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Hewitt not fined for tirade

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NEW YORK — U.S. Open officials decided Saturday not to discipline Lleyton Hewitt for his tirade during a five-set victory a day earlier, saying it was unclear whether his comments were racially motivated.

Because evidence was inconclusive, Hewitt didn't violate the Grand Slam code of conduct, tournament referee Brian Earley said.

Playing on Friday against James Blake, one of the few blacks in the event, Hewitt complained after being called for two foot faults by a black linesman and requested that the official be removed.

Television microphones caught the Australian saying to the chair umpire: "Look at him. Look at him, and you tell me what the similarity is. Just get him off the court."

Some observers, including Blake, thought Hewitt was noting that the linesman and Blake were both black. But the umpire, Andreas Egli, inferred no racial overtones, Earley said.

Hewitt told officials Saturday what he meant by the comment was that the same linesman made both foot-fault calls.

"There was no gesture in the direction of Mr. Blake when he made the comments about 'the similarity,' " Earley said. "He did not use Mr. Blake's name. He didn't say 'my opponent.' He made no reference to Mr. Blake. . . . "Whether it's misconstrued or not, I can't tell you. I only can say that I would have to draw conclusions from what I see and what I hear that he was definitely making a racist remark. And I can't do that."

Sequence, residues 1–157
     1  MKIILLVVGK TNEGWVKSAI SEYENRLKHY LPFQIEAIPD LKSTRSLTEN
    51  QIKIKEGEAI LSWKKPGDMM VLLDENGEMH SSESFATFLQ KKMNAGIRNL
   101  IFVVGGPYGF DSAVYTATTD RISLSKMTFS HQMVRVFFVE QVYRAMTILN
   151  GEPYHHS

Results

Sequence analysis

Hewitt approached Blake in the locker room Saturday to discuss the matter.

"I apologized for unintentionally causing an incident yesterday, which detracted from a hard-fought match and James' outstanding performance," Hewitt said in a statement.

Blake sought to play down the incident, saying he preferred to give Hewitt the benefit of the doubt because the remarks were made in the heat of battle. Blake declined to take issue with Earley's decision.

"I'm sure he weighed all the evidence and just made his ruling on what he felt," Blake said. "It's not up to me. It's not my job. My job is to go out and play as well as I can, which is all I did."

Two-time Open champion Andre Agassi said there was something positive to take away from the episode.

"We can focus on the negative if you want," Agassi said. "But I think Mr. Blake literally set an example, and certainly taught me a lot about dignity and class and tolerance. I think it's something that everybody can learn from."